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Welcome once again to our annual "first look" at the broadcast networks' offerings for the 2011-2012 season, now in its sixth year! Each day we'll walk you through one of the new series set to premiere next season (or one that didn't make the cut) and go over our initial impressions after viewing the pilot. Keep in mind that a lot can change from what's being screened right now - recasting, reshooting, etc. - but we still want to give you a heads up on what you should (and shouldn't) keep on your radar in the coming months. So enough of our rambling, on with the show!
[IMPORTANT NOTE: The following is based on the original sales presentation which was screened to us privately or supplied by a third party NOT an informational, not-for-review screener provided by the network in question.]
2 BROKE GIRLS (CBS)
(written by Michael Patrick King & Whitney Cummings; directed by James Burrows; TRT: 22:28)
The network's description: "2 BROKE GIRLS is a comedy about two young women waitressing at a greasy spoon diner who strike up an unlikely friendship in the hopes of launching a successful business - if only they can raise the cash. Sassy, streetwise Max (Kat Dennings) works two jobs just to get by, one of which is waiting tables during the night shift at the retro-hip Williamsburg Diner. Sophisticated Caroline (Beth Behrs) is an uptown trust fund princess who's having a run of bad luck that forces her to reluctantly give waitressing a shot. At first, Max sees Caroline as yet another in a long line of inept servers she must cover for, but she's surprised to find that Caroline has as much substance as she does style. When Caroline discovers Max's knack for baking amazing cupcakes, she sees a lucrative future for them, but they first need to raise the start-up money. While they save their tips, they'll stay at the restaurant, working with Oleg (Jonathan Kite), an overly flirtatious Russian cook; Earl (Garrett Morris), a 75-year-old kool-kat cashier; and Han Lee (Matthew Moy), the new, eager-to-please owner of the diner. Working together, these two broke girls living in one expensive city might just find the perfect recipe for their big break. Michael Patrick King ("Sex and the City") and writer-comedian Whitney Cummings ("Chelsea Lately") are executive producers for Warner Bros. Television."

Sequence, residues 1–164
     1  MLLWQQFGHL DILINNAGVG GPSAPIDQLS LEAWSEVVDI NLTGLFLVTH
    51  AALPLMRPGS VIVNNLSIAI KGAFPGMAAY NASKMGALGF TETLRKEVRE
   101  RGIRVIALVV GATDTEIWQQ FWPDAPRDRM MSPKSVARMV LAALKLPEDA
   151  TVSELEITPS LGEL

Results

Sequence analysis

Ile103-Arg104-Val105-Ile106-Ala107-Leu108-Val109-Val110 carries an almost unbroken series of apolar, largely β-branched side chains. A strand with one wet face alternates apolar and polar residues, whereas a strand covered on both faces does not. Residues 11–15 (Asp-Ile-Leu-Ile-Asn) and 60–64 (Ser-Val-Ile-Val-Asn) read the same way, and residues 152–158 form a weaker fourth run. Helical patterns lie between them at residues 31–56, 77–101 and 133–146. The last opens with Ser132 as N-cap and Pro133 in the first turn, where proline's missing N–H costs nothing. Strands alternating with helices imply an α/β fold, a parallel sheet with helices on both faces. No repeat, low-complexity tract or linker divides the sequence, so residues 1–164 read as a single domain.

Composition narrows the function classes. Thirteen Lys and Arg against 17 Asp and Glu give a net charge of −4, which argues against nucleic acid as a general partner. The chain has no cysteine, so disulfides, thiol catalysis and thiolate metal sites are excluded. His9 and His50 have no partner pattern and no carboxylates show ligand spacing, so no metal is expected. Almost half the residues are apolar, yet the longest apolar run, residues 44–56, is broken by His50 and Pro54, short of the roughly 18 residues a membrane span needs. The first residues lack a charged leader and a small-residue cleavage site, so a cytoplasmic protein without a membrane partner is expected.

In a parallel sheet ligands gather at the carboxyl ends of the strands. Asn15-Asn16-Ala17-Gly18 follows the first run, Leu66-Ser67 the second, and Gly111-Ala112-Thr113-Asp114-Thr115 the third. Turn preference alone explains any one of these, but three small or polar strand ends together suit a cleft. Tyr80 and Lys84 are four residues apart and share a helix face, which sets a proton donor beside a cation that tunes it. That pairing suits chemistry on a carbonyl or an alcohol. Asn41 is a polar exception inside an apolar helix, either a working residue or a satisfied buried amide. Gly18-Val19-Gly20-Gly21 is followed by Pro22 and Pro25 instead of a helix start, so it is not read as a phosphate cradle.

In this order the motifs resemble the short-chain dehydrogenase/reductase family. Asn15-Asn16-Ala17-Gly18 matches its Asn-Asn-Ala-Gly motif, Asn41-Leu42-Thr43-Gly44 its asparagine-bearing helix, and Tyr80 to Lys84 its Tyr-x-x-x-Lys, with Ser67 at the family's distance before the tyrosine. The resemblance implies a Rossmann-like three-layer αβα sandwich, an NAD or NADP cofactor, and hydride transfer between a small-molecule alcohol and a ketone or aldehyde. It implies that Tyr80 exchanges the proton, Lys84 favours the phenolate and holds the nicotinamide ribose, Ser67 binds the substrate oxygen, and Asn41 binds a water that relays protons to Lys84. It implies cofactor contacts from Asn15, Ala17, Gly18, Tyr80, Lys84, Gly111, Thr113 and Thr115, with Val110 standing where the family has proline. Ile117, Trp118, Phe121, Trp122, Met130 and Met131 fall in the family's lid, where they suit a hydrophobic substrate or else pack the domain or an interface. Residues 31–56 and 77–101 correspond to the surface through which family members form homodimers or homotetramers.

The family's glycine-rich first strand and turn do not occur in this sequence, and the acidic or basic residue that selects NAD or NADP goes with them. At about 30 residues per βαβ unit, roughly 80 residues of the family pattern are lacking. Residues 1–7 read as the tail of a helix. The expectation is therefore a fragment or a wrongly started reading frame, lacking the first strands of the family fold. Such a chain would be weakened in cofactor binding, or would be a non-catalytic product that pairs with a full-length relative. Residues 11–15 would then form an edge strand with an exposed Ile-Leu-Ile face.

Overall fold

What did they leave out? That about covers it.
The plot in a nutshell: Welcome to the Williamsburg Diner. Formerly a haven to Eastern Bloc criminals and crack whores, it's now just your standard greasy spoon. Keeping it all going is Max (Kat Dennings), the resident waitress/reluctant mother hen. And as much as she'd like to have it all to herself - and the extra money attached - her boss Bryce Lee (Matthew Moy; recently changed from Han Lee, "I guess he wants people to take him even less seriously," she notes) has hired a new waitress Caroline (Beth Behrs) - who claims to have tons of experience - to help out. She's fastidious and fancy, sunny and smiling, all the things Max is not ("Whatever that is, it does not belong in this diner," Max quips. "It belongs in a show on Bravo.").
And so Max reluctantly shows Caroline the ropes, introducing her to harmlessly creepy cook Oleg (Jonathan Kite; "He doesn't realize he looks like that and I don't have the heart to tell him.") and loveably crotchety cashier Earl (Garret Morris; "Do not talk to him unless you want to feel whiter than you already are."). Caroline however is far from the experienced server she claims to be. It turns out she's the daughter of a Bernie Madoff-esque criminal, used to having everything and now exiled to Brooklyn where she has nothing.
So in addition to a new co-worker, Max finds she's reluctantly getting a new roommate as well. Wharton-educated Caroline however isn't without her uses as she exposes the inherent douchery of Max's boyfriend (Noah Mills) and successfully ups the price of Max's homemade cupcakes at the diner. Hell, she may even be able to turn said cupcakes into a profitable business. So while they both may be broke for now, they - gulp - at least have each other.
What works: Dennings and Behrs are a lot of fun as a sugar and spice team, dolling out insults and giving each other their comeuppance at every turn. It's a sitcom that - gasp! - actually seems to be enjoying itself, creating a relaxed charm to the proceedings. Helping things along are some sharp callbacks and blows, a wonderful set that feels like it's from a different era, plus the sense that it's never above a silly couplet or triplet for the sake of it. Other fun bits involve Max's second job as a nanny to an amusingly self-centered mom (Brooke Lyons) and random pop culture references like Temple Grandin and "One Tree Hill." All in all, if any of the above tickles your fancy, there's plenty more where that came from.
What doesn't: Only that to some extent by default...
The bottom line: ...it's probably the best of the multi-camera pilots that got picked up.